If Ingmar Bergman’s The Seventh Seal (1957) got drunk at a swingers’ party and shit its pants what you’d get is Paul Verhoeven’s English language debut, the 1985 medieval fever dream Flesh + Blood, which plays at Alamo Drafthouse Brooklyn this evening. The impish Dutch satirist mingles sex, death, dirt, vomit, blood, and pus in a hallucinatory march through the anarchic, plague ridden landscape of Western Europe, evoking Heironymus Bosch and Bruegel by way of Monty Python and Pasolini’s medieval eros and thanatos-soaked adaptations of The Decameron and The Canterbury Tales. Verhoeven’s Middle Ages, like Pasolini and Boccacio’s, is filled with violence, greed, blasphemy and moral and sexual ambiguity, but channeled into an action/adventure epic, which manages to stay provocative and daring with its graphic sexuality, nudity, and feudalism-based class critique while still delivering swashbuckling thrills. This union of popcorn flick fun and uncompromising visionary genius is a balancing act the director has proven he is uniquely capable of pulling off, giving audiences muscular big budget entertainment with deeply satirical and subversive skeletons.
Rutger Hauer plays Martin, a mercenary soldier who, along with his colorful band of marauders, is betrayed by their feudal lord employer and denied the plunder they were promised for their violent work. Martin and his group take revenge by kidnapping Agnes (Jennifer Jason Leigh), the bride-to-be of their employer’s son, Steven. The plot follows the lord’s rescue attempt while also revealing the internal struggles of Martin’s group and his blossoming relationship with Agnes.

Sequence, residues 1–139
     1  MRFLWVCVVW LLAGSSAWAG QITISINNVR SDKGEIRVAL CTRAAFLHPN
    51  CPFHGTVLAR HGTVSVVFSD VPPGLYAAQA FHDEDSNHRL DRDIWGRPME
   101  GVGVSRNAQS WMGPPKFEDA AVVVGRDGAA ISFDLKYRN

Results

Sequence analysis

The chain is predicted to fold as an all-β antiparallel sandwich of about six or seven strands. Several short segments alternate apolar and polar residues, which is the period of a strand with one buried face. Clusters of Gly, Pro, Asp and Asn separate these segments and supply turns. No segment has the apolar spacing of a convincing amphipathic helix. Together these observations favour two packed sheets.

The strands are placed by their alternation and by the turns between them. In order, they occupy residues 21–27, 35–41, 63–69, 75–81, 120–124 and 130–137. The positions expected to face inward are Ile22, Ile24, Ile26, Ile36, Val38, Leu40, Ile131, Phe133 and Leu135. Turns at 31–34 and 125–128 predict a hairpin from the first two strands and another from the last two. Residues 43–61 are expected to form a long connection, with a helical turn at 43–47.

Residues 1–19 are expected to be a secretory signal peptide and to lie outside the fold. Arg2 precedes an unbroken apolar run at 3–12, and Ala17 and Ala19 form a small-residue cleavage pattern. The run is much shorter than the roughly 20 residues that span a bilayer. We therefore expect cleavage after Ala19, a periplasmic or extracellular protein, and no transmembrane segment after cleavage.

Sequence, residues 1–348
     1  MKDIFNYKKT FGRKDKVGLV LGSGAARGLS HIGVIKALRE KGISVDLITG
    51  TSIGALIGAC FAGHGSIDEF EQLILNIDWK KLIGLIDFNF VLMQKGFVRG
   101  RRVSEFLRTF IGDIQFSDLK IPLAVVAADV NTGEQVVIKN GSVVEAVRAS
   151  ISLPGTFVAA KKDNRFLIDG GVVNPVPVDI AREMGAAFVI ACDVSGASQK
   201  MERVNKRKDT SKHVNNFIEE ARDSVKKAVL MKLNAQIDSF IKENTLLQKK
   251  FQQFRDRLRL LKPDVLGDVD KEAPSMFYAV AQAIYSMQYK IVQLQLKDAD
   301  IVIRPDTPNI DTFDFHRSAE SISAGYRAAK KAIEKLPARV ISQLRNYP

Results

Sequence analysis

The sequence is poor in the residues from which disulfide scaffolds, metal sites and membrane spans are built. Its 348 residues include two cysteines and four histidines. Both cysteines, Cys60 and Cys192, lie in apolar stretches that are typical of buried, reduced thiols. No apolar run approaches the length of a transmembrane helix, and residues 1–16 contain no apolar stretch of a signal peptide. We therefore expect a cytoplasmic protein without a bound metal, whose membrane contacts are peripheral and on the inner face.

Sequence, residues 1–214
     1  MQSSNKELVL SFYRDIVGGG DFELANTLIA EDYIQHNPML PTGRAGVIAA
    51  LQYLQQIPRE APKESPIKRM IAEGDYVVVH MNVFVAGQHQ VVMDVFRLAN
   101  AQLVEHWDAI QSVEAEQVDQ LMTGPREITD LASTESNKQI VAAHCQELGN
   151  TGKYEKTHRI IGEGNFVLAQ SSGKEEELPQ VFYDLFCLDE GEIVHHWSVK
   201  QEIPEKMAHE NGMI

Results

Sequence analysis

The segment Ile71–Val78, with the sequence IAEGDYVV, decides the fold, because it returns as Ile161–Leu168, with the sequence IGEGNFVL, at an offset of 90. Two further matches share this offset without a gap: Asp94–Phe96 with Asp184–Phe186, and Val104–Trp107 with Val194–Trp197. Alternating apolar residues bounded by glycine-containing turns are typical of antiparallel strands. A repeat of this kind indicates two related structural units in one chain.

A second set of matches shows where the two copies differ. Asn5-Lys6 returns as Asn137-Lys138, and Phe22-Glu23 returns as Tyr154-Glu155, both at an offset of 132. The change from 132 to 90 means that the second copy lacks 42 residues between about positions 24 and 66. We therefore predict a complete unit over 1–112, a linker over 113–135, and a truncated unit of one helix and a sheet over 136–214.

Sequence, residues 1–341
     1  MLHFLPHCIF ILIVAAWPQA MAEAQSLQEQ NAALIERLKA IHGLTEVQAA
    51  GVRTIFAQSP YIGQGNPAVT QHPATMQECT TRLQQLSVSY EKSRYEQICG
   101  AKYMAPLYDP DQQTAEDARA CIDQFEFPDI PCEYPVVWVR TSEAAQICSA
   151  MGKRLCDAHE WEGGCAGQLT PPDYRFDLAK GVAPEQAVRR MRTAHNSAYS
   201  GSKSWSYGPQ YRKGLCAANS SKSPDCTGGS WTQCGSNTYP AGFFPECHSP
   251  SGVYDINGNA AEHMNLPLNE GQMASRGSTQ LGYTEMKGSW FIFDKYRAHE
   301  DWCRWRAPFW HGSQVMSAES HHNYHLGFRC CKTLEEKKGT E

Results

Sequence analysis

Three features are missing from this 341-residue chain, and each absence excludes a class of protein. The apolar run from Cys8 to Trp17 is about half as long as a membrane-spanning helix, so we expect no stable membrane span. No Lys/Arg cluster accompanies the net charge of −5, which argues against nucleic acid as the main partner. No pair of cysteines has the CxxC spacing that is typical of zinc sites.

It is in Leigh’s character’s relationships with Martin and Steven that the film’s real story unfolds. The young woman both explores and uses her sexuality to control her circumstances, oscillating between submission and domination. The film expertly depicts the tension between the seeming innocence of her love for Steven and the emotional and physical connection she finds with Martin. Flesh + Blood prefigures Verhoeven’s recent psychosexual thriller Elle in its examination of the shadow side of human sexuality and love, our strange, sometimes self destructive desires, and the power they often hold. This brilliantly comes to light in a scene where Agnes digs up a mandrake from beneath two hanging corpses. In this moment, the dual drive of both sex (the hanged men are said to ejaculate upon dying) and death—the psychological and thematic center of the film and Verhoeven’s metaphoric vision of the dark ages—is quite literally unearthed.